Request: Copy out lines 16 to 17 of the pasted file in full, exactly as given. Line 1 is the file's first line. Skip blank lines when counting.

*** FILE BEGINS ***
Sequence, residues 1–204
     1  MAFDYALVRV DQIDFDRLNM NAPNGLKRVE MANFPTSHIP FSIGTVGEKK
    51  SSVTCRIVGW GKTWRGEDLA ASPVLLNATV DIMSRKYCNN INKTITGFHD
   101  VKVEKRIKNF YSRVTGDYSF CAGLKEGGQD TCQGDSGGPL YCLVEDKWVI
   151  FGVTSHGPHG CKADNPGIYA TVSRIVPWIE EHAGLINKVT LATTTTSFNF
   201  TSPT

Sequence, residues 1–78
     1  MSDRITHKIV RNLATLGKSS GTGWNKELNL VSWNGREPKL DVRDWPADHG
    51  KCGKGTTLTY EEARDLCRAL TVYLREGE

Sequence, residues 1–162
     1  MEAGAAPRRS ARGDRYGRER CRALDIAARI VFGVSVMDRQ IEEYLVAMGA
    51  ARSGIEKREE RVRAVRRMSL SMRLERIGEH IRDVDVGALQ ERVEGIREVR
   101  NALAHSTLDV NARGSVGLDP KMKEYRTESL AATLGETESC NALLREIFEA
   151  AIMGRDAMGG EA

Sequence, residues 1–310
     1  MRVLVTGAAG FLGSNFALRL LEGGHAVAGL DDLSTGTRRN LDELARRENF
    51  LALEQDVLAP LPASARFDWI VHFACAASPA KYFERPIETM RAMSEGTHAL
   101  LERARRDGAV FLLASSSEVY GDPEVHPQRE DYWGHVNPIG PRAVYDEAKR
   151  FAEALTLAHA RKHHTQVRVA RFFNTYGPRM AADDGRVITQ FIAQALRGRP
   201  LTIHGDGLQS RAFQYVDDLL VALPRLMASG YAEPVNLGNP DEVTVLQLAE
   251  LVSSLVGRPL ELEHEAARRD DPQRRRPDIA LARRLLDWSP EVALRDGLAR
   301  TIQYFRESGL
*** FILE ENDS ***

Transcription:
     1  MRVLVTGAAG FLGSNFALRL LEGGHAVAGL DDLSTGTRRN LDELARRENF
    51  LALEQDVLAP LPASARFDWI VHFACAASPA KYFERPIETM RAMSEGTHAL